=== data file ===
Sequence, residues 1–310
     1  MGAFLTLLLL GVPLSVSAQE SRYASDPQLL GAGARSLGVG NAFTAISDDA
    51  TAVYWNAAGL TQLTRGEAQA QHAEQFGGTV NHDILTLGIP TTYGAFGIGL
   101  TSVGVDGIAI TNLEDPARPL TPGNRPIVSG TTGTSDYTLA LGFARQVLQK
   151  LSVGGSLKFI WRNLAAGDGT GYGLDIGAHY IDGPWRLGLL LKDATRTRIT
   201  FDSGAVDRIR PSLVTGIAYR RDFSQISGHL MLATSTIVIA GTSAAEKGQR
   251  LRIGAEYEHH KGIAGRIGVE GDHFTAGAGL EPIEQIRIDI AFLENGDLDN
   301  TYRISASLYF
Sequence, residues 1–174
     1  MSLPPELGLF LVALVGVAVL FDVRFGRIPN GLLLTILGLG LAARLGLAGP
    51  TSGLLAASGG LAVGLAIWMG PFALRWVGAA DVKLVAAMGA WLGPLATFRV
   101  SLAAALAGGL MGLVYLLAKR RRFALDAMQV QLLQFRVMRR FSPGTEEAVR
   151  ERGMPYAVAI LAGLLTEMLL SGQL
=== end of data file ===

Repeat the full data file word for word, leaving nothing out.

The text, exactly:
Sequence, residues 1–310
     1  MGAFLTLLLL GVPLSVSAQE SRYASDPQLL GAGARSLGVG NAFTAISDDA
    51  TAVYWNAAGL TQLTRGEAQA QHAEQFGGTV NHDILTLGIP TTYGAFGIGL
   101  TSVGVDGIAI TNLEDPARPL TPGNRPIVSG TTGTSDYTLA LGFARQVLQK
   151  LSVGGSLKFI WRNLAAGDGT GYGLDIGAHY IDGPWRLGLL LKDATRTRIT
   201  FDSGAVDRIR PSLVTGIAYR RDFSQISGHL MLATSTIVIA GTSAAEKGQR
   251  LRIGAEYEHH KGIAGRIGVE GDHFTAGAGL EPIEQIRIDI AFLENGDLDN
   301  TYRISASLYF
Sequence, residues 1–174
     1  MSLPPELGLF LVALVGVAVL FDVRFGRIPN GLLLTILGLG LAARLGLAGP
    51  TSGLLAASGG LAVGLAIWMG PFALRWVGAA DVKLVAAMGA WLGPLATFRV
   101  SLAAALAGGL MGLVYLLAKR RRFALDAMQV QLLQFRVMRR FSPGTEEAVR
   151  ERGMPYAVAI LAGLLTEMLL SGQL